Transitus of St. Francis: Celebration of Friendship

Sister JulieAnn Sheahan

October 04, 2017

Franciscan Sisters of Christian Charity borrowed a Transitus Service from the Secular Franciscans in Mississippi for this year’s October 3rd Ritual. The script began with a lettter from Father Elias. The text invited all present to “bless the God of heaven, confess the mercy of God in the sight of all, and hold fast to the memory of our brother and father, Francis, praising and glorifying God who made him great among us.” We prayed for Francis, as he once asked us to do, and prayed to him that God may make us sharers with him of God’s holy grace. 

Next, we heard the remembrances of four people who knew Francis well. First, Lady Pica of Assisi, his mother, eulogized her son.

Saint Clare of Assisi, a follower and beloved friend of Francis, was next to tell her remembrances, as well as sing a song about building one’s dream slowly.

Lady Jacoba Frangipani of Rome, another friend and benefactor, spoke about her friendship with the saint and the blessing of being present as St. Francis was dying.

Brother Leo of Assisi, one of the first companions of Saint Francis, recalled the last moments of St. Francis’ life on earth. Indeed, all  the words  shared were heartfelt and recalled not only St. Francis early life, his call to follow Christ as a friar,  but also the last days of his life. Silhouttes orchestrated by a small band of talented souls added to the drama of the sharing.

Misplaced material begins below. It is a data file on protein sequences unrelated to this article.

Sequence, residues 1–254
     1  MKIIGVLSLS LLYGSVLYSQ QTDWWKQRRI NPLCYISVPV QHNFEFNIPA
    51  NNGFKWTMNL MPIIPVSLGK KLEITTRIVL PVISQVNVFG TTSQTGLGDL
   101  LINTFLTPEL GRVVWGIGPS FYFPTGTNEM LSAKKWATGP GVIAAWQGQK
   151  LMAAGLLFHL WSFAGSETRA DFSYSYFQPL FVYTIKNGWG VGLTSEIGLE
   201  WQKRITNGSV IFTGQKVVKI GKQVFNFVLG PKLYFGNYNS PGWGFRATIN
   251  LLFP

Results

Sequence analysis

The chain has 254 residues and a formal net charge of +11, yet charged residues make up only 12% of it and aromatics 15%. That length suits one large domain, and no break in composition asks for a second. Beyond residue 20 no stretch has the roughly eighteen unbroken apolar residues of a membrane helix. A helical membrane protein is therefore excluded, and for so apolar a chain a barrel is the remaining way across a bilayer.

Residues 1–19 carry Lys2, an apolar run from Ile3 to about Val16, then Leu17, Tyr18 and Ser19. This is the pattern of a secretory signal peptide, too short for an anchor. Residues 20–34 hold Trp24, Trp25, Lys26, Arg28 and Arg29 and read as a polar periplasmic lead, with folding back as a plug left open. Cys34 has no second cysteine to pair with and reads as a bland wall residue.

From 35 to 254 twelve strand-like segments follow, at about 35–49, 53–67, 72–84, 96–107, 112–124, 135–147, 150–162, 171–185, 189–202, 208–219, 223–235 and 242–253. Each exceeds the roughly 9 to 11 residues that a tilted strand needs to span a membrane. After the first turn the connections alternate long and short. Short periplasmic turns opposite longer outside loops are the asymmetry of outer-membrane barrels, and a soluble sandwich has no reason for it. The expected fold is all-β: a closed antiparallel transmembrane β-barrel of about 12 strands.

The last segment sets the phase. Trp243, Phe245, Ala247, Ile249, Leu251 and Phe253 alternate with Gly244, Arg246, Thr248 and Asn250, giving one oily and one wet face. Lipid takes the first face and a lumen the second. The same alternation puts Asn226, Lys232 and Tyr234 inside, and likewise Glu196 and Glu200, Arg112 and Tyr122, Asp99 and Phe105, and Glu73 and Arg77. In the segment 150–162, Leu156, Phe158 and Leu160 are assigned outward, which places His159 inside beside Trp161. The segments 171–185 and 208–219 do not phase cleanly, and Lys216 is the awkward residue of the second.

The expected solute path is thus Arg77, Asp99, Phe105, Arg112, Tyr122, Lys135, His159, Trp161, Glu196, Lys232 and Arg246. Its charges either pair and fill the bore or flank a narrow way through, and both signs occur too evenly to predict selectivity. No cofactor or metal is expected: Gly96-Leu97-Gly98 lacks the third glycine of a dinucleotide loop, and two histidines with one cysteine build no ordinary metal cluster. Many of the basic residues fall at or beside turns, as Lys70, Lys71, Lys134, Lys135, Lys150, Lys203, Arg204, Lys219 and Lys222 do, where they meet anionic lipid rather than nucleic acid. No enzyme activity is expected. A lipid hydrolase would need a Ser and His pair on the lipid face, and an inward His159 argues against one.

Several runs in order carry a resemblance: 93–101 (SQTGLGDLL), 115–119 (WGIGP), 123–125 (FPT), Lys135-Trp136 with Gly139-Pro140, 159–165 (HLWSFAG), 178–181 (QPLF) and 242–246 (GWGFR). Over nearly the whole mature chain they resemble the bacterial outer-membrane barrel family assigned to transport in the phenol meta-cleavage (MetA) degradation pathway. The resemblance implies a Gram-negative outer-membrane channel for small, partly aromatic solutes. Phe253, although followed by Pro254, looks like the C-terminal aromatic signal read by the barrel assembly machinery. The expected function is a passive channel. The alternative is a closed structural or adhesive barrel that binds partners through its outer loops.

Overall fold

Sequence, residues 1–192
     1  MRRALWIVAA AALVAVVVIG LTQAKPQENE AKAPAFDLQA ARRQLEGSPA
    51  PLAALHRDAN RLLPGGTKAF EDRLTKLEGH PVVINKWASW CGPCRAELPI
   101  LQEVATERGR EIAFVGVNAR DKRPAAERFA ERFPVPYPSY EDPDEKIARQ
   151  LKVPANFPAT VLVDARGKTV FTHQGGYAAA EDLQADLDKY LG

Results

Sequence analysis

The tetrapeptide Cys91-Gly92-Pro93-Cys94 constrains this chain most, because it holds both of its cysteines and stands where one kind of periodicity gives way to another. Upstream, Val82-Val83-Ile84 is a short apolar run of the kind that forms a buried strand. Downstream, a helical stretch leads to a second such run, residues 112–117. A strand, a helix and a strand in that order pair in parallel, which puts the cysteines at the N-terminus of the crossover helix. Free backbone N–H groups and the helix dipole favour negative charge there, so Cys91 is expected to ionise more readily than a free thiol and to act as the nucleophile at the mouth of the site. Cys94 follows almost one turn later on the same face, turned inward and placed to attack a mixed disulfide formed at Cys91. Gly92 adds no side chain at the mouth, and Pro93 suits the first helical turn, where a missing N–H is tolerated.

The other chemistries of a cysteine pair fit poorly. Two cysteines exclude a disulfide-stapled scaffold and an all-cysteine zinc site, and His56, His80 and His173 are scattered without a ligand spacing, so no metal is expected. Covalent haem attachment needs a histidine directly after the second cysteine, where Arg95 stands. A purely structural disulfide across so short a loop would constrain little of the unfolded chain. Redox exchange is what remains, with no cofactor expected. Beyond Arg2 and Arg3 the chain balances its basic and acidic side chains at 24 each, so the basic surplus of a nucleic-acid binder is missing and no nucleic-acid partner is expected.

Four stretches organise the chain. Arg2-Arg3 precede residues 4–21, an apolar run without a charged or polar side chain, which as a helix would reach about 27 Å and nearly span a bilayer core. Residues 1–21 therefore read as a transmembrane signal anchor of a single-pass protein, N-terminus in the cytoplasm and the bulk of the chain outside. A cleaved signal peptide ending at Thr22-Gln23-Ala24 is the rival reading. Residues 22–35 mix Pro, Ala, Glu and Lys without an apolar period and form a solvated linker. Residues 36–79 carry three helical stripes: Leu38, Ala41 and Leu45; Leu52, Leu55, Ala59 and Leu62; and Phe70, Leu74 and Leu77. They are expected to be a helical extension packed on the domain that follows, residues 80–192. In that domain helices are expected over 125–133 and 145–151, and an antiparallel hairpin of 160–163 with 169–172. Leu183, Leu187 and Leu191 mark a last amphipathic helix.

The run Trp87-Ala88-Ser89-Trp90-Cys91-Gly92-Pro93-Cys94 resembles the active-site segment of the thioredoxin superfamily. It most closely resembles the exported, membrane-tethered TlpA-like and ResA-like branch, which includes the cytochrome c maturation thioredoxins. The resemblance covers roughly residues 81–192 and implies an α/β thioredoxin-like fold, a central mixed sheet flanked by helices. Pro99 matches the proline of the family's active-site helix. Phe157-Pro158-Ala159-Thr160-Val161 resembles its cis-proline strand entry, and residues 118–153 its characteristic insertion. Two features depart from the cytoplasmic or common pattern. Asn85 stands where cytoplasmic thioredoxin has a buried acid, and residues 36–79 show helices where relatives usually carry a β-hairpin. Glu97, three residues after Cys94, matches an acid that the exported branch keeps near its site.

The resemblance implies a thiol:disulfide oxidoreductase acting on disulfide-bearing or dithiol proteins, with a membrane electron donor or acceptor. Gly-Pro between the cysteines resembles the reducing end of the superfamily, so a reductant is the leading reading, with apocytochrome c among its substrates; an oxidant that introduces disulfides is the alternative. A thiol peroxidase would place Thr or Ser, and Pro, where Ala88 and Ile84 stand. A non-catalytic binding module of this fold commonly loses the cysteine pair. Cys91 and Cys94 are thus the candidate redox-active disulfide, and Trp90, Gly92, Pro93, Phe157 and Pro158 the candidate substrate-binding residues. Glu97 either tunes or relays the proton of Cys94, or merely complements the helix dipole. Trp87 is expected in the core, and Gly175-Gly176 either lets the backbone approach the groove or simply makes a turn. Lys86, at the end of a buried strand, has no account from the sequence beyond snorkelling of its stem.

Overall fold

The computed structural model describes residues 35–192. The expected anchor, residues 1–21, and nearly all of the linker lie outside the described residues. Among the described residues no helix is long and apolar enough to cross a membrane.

As with all things Franciscan, music enhanced the spiritual drama. Instrumental music with a medieval tonality set the stage of the service. In Paradisum was chanted as the opening procession began in the darkened chapel. Music interludes were furnished by cantors to add a spirit of joy and simplicity to the presentation. The whole congregation sang out in full sound the Canticle of the Creatures and the Blessing of St. Francis.  It was a blessed beginning to the feast of our spiritual founder. See Franciscan Sisters of Christian Charity facebook for more images.

We close with these words of Francis: ‘I have done what was mine to do. May Christ teach you what is yours.’

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